The overture out of the way, Shirley took a deep breath, planted one white-clad foot on the floor, and lurched at my bottom molars. She scraped over, under, around each tooth.

She and I were locked in combat, as she wrestled her instruments around the drool tool she’d hung from my bottom teeth. My tongue became entangled in her gloved fingers as they darted from tooth to tooth.

Thick perspiration covered my skin. I tasted metal. I tasted blood.

This dental visit felt like a rap sheet of my previous misdemeanors—the nights of my retrospectively carefree twenties and thirties when, having partied into the early hours, I went to bed after giving my teeth only a cursory brushing while I yanked off my dancing shoes. But I’d changed my ways. That counted for something, didn’t it?

Shirley’s hands skipped from one side of my mouth to the other. She put her whole weight into the job. It wouldn’t have surprised me if she had leveraged herself by pressing her knee into my chest.

What on earth is she doing? I wondered. Back when I thought the purpose of brushing and flossing was to remove food from the surface of my teeth and anything stuck between them, Dr. Raymond had taught me how to brush and floss properly.

“You’ve got to get under the gum line,” he’d pronounced, wielding an array of toothbrushes and flossing appurtenances.

I’d done as he directed ever since.

Apparently our teeth weren’t designed to last as long as we humans now live, so as we grow older, we have to treat them like precious gems. Before meeting Dr. Raymond, I’d missed many nights of flossing but as a result of gingivitis, root canals, and crowns, I’d since regularly used a range of dental cleaning equipment and special-purpose toothpastes on my teeth each night. My dental visits always ended with my proud acceptance of accolades from Dr. Raymond after Rosalie reported that only the tiniest bit of plaque had been discovered during the cleaning.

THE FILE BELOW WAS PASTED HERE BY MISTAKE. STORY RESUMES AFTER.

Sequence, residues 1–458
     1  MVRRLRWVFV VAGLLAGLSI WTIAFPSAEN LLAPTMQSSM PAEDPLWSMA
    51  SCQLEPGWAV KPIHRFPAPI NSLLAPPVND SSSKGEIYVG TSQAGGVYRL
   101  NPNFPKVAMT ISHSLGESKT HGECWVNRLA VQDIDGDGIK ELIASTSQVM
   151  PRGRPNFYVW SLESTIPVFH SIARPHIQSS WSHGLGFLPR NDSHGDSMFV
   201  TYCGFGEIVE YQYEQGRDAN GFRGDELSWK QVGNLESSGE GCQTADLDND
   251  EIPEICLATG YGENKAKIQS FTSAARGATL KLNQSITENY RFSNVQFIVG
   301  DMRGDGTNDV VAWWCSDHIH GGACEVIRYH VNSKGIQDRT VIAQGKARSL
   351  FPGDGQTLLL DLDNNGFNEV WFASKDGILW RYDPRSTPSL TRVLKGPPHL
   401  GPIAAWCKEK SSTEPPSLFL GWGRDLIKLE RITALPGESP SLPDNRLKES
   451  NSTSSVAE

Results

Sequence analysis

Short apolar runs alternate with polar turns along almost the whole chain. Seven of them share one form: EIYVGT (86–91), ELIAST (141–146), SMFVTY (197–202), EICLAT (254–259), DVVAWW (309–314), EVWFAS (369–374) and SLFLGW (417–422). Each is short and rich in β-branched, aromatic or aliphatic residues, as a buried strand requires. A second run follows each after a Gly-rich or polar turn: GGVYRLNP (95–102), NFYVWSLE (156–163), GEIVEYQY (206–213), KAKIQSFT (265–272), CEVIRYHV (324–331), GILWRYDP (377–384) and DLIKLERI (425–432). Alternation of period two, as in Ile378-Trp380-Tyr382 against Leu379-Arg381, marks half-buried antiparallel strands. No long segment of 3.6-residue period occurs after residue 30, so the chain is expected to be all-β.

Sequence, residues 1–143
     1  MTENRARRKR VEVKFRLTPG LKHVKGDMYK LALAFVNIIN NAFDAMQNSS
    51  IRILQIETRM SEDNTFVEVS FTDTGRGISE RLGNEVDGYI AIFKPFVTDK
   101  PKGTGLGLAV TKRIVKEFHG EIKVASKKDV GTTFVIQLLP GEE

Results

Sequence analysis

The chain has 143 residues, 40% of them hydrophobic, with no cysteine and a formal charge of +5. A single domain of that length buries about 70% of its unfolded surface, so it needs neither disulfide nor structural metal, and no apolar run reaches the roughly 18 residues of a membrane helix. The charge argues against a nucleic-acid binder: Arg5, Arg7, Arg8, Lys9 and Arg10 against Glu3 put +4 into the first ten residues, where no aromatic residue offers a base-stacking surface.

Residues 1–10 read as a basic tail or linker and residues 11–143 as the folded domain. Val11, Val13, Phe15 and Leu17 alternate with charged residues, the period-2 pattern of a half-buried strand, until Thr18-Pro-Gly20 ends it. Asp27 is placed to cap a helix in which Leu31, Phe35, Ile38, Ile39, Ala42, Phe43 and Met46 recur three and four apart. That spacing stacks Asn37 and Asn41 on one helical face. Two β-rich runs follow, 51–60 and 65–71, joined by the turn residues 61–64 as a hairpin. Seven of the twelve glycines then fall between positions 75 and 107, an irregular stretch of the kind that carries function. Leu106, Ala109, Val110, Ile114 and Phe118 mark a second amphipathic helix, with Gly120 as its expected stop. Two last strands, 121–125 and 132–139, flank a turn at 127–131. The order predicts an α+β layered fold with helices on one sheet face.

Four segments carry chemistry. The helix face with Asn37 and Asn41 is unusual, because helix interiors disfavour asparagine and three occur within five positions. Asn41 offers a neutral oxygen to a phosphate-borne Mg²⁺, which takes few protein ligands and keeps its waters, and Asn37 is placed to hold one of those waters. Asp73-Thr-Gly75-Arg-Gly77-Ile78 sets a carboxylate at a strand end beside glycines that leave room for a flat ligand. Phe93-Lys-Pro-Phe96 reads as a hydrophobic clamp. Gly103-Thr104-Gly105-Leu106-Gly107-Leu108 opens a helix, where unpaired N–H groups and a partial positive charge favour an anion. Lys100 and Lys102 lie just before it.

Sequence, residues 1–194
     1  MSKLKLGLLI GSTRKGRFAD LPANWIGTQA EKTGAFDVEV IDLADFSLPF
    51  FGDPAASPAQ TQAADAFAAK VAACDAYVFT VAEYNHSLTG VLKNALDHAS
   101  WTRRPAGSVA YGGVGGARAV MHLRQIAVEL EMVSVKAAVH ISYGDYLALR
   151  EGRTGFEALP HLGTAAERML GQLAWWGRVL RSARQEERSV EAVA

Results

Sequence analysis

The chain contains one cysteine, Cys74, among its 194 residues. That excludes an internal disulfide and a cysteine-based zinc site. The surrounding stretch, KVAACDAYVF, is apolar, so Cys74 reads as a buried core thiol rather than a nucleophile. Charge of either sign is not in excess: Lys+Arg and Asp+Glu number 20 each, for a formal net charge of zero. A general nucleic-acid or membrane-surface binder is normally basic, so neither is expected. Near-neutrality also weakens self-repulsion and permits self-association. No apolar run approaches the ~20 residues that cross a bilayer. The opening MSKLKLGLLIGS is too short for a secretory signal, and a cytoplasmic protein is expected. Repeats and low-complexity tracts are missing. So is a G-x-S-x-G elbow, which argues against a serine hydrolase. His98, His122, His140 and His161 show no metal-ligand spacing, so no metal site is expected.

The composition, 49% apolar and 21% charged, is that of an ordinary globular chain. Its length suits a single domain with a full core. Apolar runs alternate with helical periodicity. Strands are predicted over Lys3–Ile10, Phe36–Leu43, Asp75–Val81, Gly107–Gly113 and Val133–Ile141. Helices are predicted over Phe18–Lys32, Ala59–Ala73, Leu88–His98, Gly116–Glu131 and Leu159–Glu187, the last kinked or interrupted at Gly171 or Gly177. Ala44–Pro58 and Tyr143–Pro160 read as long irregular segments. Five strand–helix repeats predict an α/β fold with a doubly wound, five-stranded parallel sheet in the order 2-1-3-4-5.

You have a cavity there,” Shirley muttered, giving a sensitive tooth an indignant poke.

She hitched herself onto her seat to begin polishing my teeth. But instead of Rosalie’s light tap of paste on each tooth, Shirley pressed the whirring instrument against my teeth. What’s more, she apparently didn’t trust the efficacy of that refreshing grapey flavored cleanser, which signaled the end of the cleaning and always seemed like a lingering reward from childhood visits to the neighborhood dentist. This Tartar preferred a tasteless paste that she probably considered a fitting penalty for patients who dared to present themselves with even a miniscule amount of plaque on their teeth.

Dr. Raymond swept back into the room. “How was the cleaning, Cousin?”

Shirley was still towering over me so I said it had been all right, and dutifully made an appointment for my next cleaning in three months time. But the moment I got home, I swallowed two Tylenol tablets to quiet my throbbing mouth and called Dr. Raymond’s office. When the receptionist answered, I said, “Tell Dr. Raymond his cousin’s on the line.”

I must not have been the only patient to complain about the new hygienist. About a week later, Dr. Raymond phoned me.

“I hope you’ll come back here for your next cleaning,” he said. “I let Shirley go. My wife’s friend is her replacement. I know you’ll like her.”

Relief enveloped me. I had paid for my youthful dental transgressions, and now my teeth would be back in the hands of dental practitioners who treated me like family.

I live in the Greater Boston area. I’m a published writer and writing instructor. My mission is to inspire and help regular people all over the world to write about the events, large and small, in their lives!